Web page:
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Success with Stamina
Success with Stamina
A little blog about being a triathlon coach. Here you'll find a little diary about my activities as a coach, the performances of the people I work with and my thoughts and opinions on what makes athletes faster for longer.

Lessons from the Olympics 3 - I don't get nervous

AndyBby AndyBSep 5th 2012
Michael Phelps sat in a press conference during the first week and when asked about how he handles the nerves associated with Olympic finals he replied that he didn't get nervous, just excited.

It's an interesting idea that the pressure most would feel and understand as nerves is perceived, in this situation by Michael Phelps as excitement. It got me thinking about what happens in the body when in a traditional 'nervous' situation, such as before a race or when being faced by a challenging situation. Butterflies in the stomach, an increased heart rate, an elevated breathing rate. Then comparing what happens in a situation which would be regarded as excitement and the same responses occur in the body. So what dictates how we feel?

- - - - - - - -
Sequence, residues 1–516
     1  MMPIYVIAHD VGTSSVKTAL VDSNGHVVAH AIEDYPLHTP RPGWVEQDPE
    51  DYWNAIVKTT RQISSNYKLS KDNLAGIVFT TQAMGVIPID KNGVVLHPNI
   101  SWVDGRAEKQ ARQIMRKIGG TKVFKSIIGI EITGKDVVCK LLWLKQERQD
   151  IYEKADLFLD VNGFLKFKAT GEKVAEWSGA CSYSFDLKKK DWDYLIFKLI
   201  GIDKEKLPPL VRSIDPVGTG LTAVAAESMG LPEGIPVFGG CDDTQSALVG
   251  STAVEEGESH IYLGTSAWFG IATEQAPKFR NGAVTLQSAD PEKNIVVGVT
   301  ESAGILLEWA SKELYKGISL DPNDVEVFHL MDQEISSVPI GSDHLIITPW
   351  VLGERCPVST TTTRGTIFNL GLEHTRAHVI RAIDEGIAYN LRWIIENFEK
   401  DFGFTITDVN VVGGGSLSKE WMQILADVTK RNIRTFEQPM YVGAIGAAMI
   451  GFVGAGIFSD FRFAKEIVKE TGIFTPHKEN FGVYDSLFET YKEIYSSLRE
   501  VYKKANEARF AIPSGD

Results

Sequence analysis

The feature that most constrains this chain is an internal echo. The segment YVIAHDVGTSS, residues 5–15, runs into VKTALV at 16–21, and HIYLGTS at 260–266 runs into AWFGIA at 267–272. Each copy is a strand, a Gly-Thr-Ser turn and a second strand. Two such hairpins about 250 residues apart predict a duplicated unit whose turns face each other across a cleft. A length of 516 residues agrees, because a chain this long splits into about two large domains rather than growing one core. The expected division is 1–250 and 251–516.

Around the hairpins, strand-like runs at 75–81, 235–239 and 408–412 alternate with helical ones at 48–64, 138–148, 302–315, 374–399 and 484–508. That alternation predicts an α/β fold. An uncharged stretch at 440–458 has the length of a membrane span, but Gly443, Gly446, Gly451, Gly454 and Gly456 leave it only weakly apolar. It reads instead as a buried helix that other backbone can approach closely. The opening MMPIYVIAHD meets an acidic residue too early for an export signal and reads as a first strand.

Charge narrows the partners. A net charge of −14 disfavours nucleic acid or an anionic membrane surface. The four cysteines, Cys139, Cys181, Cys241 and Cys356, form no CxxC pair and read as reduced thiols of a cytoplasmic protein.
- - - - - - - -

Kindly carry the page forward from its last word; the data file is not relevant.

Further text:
It appears that when a situation occurs that challenges us, be it a local triathlon, a hard training session or an Olympic final (for those who make it that far) and the heart begins to race, the mouth become dry and the butterflies appear in the stomach; you can choose to interpret those physiological reactions in your mind as either a threat or an opportunity. Do you become nervous or do you become excited in the face of a challenge? These physiological responses will occur, they are natural, but by choosing to interpret these feelings as excitement, opportunity, your moment to shine, you'll offer yourself every chance of rising up to the challenge you have before you and succeeding.

So next time you start to feel the heart rate start to rise and your mouth begin to dry out stop, think and may be choose to become excited by the opportunity this challenge represents!
ashleybrookesby member: ashleybrookes, Sep 5th 2012 12:19
good report, like this one, best to be relaxed and let the body get on with it, then tell the body to keep going once it starts to get stressed (2 minutes into the race)
 
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